Archive for July, 2017

  • What If… (Jasmine’s Blog)

    Date: 2017.07.15 | Category: Adoption, Jasmine (Shuang Shuang), Jasmine's Blog

    Now that I am 18, I have been thinking a lot about “what ifs”.

    What if I had stayed in China?

    What if my parents hadn’t come to adopt me?

    What if my grandmother hadn’t left me at the orphanage?

    What if I could walk?

    What if I never learned about God?

    What if I never learned to not be selfish?

    What if I didn’t have a family?

    Recently China changed the rules about adoption.  It got me to thinking about “what if” my parents hadn’t adopted when they did.  What if they waited to adopt for a few more years? They wouldn’t have been able to adopt two at a time or adopt more after Maisey and Ben.  Right now with the new rules you can only adopt one more if you have 5 little kids in your house.  I am happy mama and daddy adopted when they did and that China said “Yes!”.   I am really happy that God worked the miracles that He did so that mama and daddy could adopt but I am sad about all the kids that had a family who wants them but they can’t proceed with the adoption.  It makes my heart hurt for the kids who wait.

    If I had stayed in China, I would have gone to an old person home.  The nannies said that I will sit on the floor and the old people might sometimes give me food.  I used to think that maybe they would let me beg for money on the street.  The nannies said no one would want to take care of me so the nannies would help me die if I wanted to.  They would sit my pee out and tell me if I just drink it, I will die.  Sometimes I thought about drinking it to just be done, but I never did.

    So if I stayed in China, the best I could hope for was to beg on the street or to die.   In America, I can get a job.  I have a power wheelchair.  I can fall in love.  I can be a motivational speaker.  Maybe even someday I will write a book.

    What if my grandma hadn’t left me at the orphanage?  Only my grandma and my uncle liked me.  Grandma would leave me outside or on the bed when she went to work.   I would spend all day by myself because I couldn’t move very much.  When I was 8, I got to go to school for just a couple months and I loved it but then one day Grandma showed up and took me to the orphanage.

    If others in the house had liked me, maybe I could have stayed.  I can’t walk so people in China made fun of me.  They would say, “If you can’t walk, you can’t get married.”  Grandma would pray to Buddha for me to walk.  She gave me duck soup every day for a month because it would make me walk.  They tried all sorts of herbs and medicines to help me walk, but nothing worked.  If I stayed at my grandma’s, I would have had to stay in the house all the time.  I would have had to stay in the bed and people would have been even more angry with me.  I was bad because I was a girl and could not do dishes or cook so I was worthless.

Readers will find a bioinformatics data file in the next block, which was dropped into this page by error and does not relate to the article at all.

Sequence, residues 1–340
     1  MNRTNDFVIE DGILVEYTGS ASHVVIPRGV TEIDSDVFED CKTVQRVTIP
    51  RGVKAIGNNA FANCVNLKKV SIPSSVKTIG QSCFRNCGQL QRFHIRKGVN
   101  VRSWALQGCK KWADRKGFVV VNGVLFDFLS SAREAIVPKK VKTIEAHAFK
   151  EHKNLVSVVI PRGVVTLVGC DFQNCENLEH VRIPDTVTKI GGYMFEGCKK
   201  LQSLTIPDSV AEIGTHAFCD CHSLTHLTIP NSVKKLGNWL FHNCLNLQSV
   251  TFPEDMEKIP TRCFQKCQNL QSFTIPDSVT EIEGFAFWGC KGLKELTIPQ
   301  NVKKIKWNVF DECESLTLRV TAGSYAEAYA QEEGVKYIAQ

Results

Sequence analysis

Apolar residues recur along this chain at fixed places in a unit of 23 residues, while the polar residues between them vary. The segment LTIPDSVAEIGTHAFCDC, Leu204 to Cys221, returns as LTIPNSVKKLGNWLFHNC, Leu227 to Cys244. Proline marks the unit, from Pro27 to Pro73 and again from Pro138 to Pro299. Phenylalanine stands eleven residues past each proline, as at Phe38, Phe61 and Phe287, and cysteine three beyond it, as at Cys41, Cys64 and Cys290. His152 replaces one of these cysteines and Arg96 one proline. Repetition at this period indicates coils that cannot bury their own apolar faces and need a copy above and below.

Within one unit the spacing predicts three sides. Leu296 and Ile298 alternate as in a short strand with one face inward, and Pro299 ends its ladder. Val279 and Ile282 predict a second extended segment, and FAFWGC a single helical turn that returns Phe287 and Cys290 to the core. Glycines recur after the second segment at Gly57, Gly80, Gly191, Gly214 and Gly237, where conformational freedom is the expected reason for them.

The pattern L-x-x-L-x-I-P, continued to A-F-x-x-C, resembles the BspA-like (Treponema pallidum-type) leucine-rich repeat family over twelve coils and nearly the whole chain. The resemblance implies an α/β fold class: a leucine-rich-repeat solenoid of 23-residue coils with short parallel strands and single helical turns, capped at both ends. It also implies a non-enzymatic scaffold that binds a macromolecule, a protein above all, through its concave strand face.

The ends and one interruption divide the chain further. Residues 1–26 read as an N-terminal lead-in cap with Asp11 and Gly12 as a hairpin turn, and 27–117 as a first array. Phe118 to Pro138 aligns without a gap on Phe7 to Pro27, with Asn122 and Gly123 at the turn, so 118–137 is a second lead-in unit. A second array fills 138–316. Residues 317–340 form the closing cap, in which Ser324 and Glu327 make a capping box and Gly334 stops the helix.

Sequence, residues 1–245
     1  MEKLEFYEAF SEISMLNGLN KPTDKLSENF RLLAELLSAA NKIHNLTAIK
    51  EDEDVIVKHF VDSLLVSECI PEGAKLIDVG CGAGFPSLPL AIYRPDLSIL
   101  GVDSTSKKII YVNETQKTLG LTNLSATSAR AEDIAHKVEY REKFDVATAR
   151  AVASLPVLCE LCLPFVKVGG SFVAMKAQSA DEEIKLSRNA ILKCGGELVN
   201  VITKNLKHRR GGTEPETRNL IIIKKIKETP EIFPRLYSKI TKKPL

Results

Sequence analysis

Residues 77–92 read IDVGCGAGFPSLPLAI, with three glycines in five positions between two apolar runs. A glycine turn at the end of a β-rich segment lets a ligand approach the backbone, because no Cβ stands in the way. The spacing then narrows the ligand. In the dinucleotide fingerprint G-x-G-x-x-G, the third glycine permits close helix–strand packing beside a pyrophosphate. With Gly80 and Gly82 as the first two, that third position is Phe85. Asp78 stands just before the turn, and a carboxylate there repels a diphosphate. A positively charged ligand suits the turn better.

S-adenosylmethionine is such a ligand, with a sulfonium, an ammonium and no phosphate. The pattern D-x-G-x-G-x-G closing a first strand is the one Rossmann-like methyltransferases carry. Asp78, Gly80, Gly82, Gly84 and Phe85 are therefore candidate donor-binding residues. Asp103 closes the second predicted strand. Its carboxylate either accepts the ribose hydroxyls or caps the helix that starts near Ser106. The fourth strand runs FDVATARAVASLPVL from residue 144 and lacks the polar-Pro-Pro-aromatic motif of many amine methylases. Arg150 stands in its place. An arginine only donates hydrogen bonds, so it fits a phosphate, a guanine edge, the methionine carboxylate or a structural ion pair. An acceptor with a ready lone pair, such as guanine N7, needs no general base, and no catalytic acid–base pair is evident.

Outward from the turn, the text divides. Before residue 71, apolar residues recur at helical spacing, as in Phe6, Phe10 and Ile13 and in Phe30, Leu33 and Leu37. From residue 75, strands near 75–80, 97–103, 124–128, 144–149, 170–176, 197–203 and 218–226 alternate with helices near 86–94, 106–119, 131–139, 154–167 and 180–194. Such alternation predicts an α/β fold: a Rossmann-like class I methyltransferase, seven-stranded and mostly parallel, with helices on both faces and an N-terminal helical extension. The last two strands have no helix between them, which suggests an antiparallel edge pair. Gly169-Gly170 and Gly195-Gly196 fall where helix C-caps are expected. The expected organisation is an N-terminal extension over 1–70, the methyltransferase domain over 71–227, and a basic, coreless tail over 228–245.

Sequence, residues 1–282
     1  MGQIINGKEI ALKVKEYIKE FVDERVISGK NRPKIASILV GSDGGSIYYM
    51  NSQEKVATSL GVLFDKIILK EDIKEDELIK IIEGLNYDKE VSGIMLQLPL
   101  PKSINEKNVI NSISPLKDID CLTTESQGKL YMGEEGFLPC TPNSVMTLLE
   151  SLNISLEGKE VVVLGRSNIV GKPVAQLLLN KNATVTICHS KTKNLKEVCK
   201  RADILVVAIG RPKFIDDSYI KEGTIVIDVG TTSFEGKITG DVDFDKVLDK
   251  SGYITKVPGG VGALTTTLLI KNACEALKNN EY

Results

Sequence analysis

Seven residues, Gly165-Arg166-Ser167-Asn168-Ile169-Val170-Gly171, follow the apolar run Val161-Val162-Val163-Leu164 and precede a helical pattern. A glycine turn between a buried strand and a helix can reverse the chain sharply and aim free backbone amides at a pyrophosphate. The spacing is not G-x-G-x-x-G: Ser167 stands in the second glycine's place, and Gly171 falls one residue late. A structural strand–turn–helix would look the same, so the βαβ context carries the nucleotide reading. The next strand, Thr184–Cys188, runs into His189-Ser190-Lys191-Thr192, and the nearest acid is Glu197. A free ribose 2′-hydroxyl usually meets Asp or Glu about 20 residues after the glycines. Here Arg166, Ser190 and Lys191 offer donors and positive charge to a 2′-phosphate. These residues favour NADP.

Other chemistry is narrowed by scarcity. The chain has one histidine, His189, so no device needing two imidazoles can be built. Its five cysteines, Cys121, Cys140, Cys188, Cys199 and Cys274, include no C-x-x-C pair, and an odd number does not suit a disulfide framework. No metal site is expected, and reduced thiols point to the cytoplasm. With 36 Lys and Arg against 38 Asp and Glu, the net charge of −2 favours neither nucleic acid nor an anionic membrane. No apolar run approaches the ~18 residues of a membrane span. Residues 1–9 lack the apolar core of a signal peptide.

What if I could walk?  If I could walk, it would have changed everything.  I could have stayed in China.  I could have got married.  I could have worked.  If I could walk, I would have never known about orphans and kids needing help all around the world.  I would have just  worried about me.  I wouldn’t have known any better but I would have been a miserable person because loving others and helping them makes you a happier person.

    “My wheelchair was the key to seeing all this happen—especially since God’s power always shows up best in weakness. So here I sit … glad that I have not been healed on the outside, but glad that I have been healed on the inside. Healed from my own self-centered wants and wishes.” – Joni Eareckson Tada

    When I think about it now, I never wished (prayed) that I could walk.  I was always thankful for my good days and wanted to be loved.

    What if I never learned about God?  In China I felt like there was something bigger than me. I felt like God was telling me to never give up, even though I didn’t know it was God.  I could feel in my heart that there was something else out there if I just didn’t give up.  I watched t.v. and learned about “working hard” for Buddha but it didn’t feel right.  People always talk about having more power.  People always lie and steal your money.  All the t.v. shows talked about how if you don’t have anything you should fight for it.  If you don’t have it, they shouldn’t have it either.

    With God I learned to care about others.  I learned this life isn’t all about me.   I learned that if I just care about myself I will never really be happy.   When I help other people it feels like I do the right thing and my heart feels all “warm”.  I learned that my life has a purpose.   God has a plan for me.  Yesterday, I read a post that says God can use our pain to fulfill our purpose.   I like that.  It was about Joni Eareckson Tada.  If you don’t know her story, you should read it.

    What if I never learned to not be selfish?  I can be pretty selfish.  I only worry about myself.  I think I have it worse than anyone else.  I can spend a lot of my time wishing for other stuff.  All of a sudden I am an adult and I don’t want to have everything just be about me any more.  When I asked others to raise money for shoes and to pray and help Grace, it changed my heart.   I read all the stories on Love Without Boundaries and I can’t believe what kids have to live like.  They need eye surgery and heart surgery and food and school.  Kids have to dig through the dump.  My life is good and I have a lucky life.  Now I want to help others.

    What if I didn’t have my family?  I know I wouldn’t have known what I was missing but I would be sad.  In China, I learned to be mean to other people.  No one really looks out for anyone else.  My family fought with each other and they fought with the neighbors.  They always were fighting.  People drank a lot and hit each other.   In the orphanage, one of the nannies had a boyfriend and she wanted a new boyfriend so he hit the nanny as hard as he could.  He beat her up.  I know it’s not like that for everyone but I saw a lot of fighting.